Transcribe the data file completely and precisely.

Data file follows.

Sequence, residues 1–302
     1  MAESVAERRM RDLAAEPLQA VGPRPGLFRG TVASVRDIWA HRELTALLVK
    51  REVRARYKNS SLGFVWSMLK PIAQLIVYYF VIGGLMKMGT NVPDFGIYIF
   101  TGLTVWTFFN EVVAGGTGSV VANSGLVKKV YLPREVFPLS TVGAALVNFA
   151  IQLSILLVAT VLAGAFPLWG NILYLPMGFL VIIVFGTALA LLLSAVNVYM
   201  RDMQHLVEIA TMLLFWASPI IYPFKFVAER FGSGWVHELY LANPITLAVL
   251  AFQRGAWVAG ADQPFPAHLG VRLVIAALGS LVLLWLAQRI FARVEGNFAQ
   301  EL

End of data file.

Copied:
Sequence, residues 1–302
     1  MAESVAERRM RDLAAEPLQA VGPRPGLFRG TVASVRDIWA HRELTALLVK
    51  REVRARYKNS SLGFVWSMLK PIAQLIVYYF VIGGLMKMGT NVPDFGIYIF
   101  TGLTVWTFFN EVVAGGTGSV VANSGLVKKV YLPREVFPLS TVGAALVNFA
   151  IQLSILLVAT VLAGAFPLWG NILYLPMGFL VIIVFGTALA LLLSAVNVYM
   201  RDMQHLVEIA TMLLFWASPI IYPFKFVAER FGSGWVHELY LANPITLAVL
   251  AFQRGAWVAG ADQPFPAHLG VRLVIAALGS LVLLWLAQRI FARVEGNFAQ
   301  EL